When used to treat cancer, surgery is a procedure in which a surgeon removes cancer from your body. Learn the different ways that surgery is used against cancer and what you can expect before, during, and after surgery.
Radiation therapy is a type of cancer treatment that uses high doses of radiation to kill cancer cells and shrink tumors. Learn about the types of radiation, why side effects happen, which ones you might have, and more.
Chemotherapy is a type of cancer treatment that uses drugs to kill cancer cells. Learn how chemotherapy works against cancer, why it causes side effects, and how it is used with other cancer treatments.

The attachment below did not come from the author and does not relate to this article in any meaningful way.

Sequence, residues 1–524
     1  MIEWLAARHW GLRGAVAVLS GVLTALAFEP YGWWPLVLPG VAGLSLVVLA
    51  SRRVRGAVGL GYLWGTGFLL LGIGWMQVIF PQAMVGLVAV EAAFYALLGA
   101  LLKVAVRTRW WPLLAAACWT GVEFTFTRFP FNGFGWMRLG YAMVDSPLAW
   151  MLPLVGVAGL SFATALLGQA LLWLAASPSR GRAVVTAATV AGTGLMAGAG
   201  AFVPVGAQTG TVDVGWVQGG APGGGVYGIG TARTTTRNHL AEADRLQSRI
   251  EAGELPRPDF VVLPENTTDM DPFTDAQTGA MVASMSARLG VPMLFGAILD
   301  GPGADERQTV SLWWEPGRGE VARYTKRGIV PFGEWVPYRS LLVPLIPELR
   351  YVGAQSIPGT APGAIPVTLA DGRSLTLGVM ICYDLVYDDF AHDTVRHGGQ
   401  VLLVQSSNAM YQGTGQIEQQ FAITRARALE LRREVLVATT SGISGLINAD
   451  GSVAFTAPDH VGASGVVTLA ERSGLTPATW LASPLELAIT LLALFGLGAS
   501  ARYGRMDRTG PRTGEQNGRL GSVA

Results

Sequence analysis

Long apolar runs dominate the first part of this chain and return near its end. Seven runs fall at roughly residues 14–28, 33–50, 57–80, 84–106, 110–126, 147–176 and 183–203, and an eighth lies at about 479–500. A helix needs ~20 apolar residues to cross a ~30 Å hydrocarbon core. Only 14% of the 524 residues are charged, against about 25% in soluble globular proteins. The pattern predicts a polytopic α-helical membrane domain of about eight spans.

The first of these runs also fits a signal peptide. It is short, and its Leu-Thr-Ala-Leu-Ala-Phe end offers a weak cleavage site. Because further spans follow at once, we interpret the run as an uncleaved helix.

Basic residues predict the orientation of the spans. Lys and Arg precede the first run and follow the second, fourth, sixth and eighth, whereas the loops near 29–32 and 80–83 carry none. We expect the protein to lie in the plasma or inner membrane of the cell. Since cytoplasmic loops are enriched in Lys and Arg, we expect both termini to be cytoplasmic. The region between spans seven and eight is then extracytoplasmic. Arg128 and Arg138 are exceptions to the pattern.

Immunotherapy is a type of cancer treatment that helps your immune system fight cancer. This page covers the types of immunotherapy, how it is used against cancer, and what you can expect during treatment.
Targeted therapy is a type of cancer treatment that targets the changes in cancer cells that help them grow, divide, and spread. Learn how targeted therapy works against cancer and about common side effects that may occur.
Hormone therapy is a treatment that slows or stops the growth of breast and prostate cancers that use hormones to grow. Learn about the types of hormone therapy and side effects that may happen.
Stem cell transplants are procedures that restore blood-forming stem cells in cancer patients who have had theirs destroyed by very high doses of chemotherapy or radiation therapy. Learn about the types of transplants, side effects that may occur, and how stem cell transplants are used in cancer treatment.